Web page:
Sunday, September 27, 2009

Of Plum Cakes and Such





It all happened a couple of weeks ago while in the midst of moving into our new home in New Orleans. While we were no longer swimming in boxes, and the with the furniture was mostly in place, our cupboard would have definitely registered something approaching recognition on Mother Hubbard's face. There was only one thing for it - a stocking up trip to my all-time favorite grocery store in the metro, Dorignac's on Veterans Parkway in Metairie.

And there they were, right by the entrance, stopping me dead in my tracks. Prune plums, like Concord grapes, are simply not available year round. In fact, neither are they a fruit you that will find just anywhere. First there is the relatively recent and perverse obsession with blotting the word "prune" from the lexicon (they aren't "prunes" anymore, but "dried plums" for those keeping score at home.) What is a grocer to do? Label the bin "plums that could be useful for making dried plums?" Fortunately for us, New Orleans is home to a substantial Italian culinary tradition, and the prune plum figures into this culture. It is a fruit that reaches its true potential when baked, a process that allows the intense flavors of its deep purple skin to burst forth in all their glory. Reinforcing the notion that I'd fallen into some rarefied prune plum cosmic reality, they were also on sale for only $1.69 a pound. Too busy to bake? Probably. But this opportunity left me with no choice.

My grandmother's plum cake is a thing of pleasant childhood memories, and I'm sure I babbled about it on the drive home. Once there, I called my mother to get the recipe, it not being among my clippings. Luckily she knew where it was - it had been printed in the Cary, Illinois jubilee cookbook published some time in the 1960s. Reading the ingredients over the phone and transcribing them was fun, but mom and I both agreed that it was missing salt. Regina Hohenstein, aka "grandma," was not above holding out on a key ingredient. But there was no fooling us. The recipe is not Italian, at least to my knowledge, but makes a fantastic after dinner dessert with coffee or an equally tasty breakfast. Here it is below (with all of the ingredients!)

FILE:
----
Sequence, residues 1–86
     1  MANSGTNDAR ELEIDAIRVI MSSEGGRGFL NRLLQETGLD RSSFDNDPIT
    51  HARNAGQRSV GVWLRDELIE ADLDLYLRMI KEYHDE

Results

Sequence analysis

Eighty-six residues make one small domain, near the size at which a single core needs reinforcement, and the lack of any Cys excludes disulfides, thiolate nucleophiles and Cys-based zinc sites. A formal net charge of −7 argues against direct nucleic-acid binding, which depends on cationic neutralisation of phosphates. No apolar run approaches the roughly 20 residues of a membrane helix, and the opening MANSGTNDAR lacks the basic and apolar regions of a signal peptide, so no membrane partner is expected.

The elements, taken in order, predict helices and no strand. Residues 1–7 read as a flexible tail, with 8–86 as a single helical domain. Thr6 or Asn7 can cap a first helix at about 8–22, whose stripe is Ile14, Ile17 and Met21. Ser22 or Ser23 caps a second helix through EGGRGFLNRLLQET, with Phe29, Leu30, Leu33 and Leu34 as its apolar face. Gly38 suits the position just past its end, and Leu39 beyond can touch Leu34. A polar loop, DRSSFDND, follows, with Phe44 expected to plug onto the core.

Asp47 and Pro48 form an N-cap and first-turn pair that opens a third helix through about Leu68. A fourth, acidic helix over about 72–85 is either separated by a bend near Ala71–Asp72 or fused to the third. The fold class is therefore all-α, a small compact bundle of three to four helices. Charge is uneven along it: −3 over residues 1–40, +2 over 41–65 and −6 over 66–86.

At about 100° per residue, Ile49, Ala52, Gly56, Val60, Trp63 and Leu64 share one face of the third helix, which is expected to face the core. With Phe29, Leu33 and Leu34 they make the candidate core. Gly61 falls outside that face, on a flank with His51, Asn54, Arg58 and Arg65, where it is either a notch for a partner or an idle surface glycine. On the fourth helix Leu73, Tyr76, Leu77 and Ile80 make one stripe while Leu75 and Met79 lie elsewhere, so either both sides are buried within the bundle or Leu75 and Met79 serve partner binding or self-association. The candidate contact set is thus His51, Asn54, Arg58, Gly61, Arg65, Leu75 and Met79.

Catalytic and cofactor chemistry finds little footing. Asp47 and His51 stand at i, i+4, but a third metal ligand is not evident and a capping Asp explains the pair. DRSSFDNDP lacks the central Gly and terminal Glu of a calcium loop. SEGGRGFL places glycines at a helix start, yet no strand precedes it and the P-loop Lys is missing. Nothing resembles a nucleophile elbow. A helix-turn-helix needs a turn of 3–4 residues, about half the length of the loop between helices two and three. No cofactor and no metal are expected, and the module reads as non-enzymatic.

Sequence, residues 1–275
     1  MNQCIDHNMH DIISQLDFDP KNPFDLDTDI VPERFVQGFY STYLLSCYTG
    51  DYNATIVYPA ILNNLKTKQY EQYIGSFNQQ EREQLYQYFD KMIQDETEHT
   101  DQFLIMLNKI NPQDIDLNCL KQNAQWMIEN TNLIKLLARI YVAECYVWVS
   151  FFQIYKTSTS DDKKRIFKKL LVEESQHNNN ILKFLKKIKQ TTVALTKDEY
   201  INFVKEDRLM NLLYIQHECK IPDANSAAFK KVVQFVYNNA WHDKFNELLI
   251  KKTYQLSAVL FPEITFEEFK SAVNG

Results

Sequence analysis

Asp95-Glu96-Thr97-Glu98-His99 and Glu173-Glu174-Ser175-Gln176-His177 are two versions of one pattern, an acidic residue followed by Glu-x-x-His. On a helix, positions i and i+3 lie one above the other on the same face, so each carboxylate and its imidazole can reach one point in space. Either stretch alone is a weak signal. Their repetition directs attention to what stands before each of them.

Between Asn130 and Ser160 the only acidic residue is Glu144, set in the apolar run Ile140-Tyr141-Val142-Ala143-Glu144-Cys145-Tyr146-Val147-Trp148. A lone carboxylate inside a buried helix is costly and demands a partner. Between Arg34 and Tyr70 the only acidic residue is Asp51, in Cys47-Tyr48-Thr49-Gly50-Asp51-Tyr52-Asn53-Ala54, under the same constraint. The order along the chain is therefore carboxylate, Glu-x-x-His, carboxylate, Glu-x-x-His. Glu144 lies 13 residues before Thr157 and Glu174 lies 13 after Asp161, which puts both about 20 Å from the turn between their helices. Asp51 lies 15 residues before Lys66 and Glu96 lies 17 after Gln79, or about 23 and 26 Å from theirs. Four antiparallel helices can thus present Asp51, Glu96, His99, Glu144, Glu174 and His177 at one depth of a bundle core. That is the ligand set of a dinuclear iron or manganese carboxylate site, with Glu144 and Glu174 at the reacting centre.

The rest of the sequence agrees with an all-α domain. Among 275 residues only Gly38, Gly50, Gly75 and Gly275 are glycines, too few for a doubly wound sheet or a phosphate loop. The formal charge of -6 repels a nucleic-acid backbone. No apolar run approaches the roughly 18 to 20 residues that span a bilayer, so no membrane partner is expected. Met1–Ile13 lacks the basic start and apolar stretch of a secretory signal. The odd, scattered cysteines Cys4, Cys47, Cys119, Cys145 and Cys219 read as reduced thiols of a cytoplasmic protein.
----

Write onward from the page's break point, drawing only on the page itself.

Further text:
1/2 lb. butter
4 eggs
1 C sugar
2 C flour
grated (or better yet, Microplaned) rind of a lemon
1/2 tsp. salt
sugar and cinnamon for dusting.

In a large mixing bowl, cream the butter with a mixer, adding sugar and salt. Separate the 4 eggs and beat in the yolks only, reserving the whites in a separate mixing bowl. Add flour and lemon rind and mix into butter/sugar mixture with a wooden spoon or similar utensil. At this point it should be fairly stiff, almost like a cookie dough. With a clean mixer, beat the egg whites until nice and fluffy and then fold into the batter. Once you have incorporated the egg whites, spread into a 12x18 ungreased jelly roll pan. Don't be afraid to spread it fairly thin - it will, in fact rise. Just make sure it is even. Slice prune plums into quarters, pitting them (be careful, the edges of prune plums can be like little razor blades - I sliced my thumb open on one!) and placing the wedges just as close together on top of the batter as they will lie. Sprinkle with cinnamon and sugar. Bake for 30-35 minutes at 350.  The cake should not be too brown - you will know it is done when the edges start pulling away from the pan. If it starts getting brown, pull it out!

2 comments:

  1. i imagine this cake recipe would work well with a variety of fruits

    ReplyDelete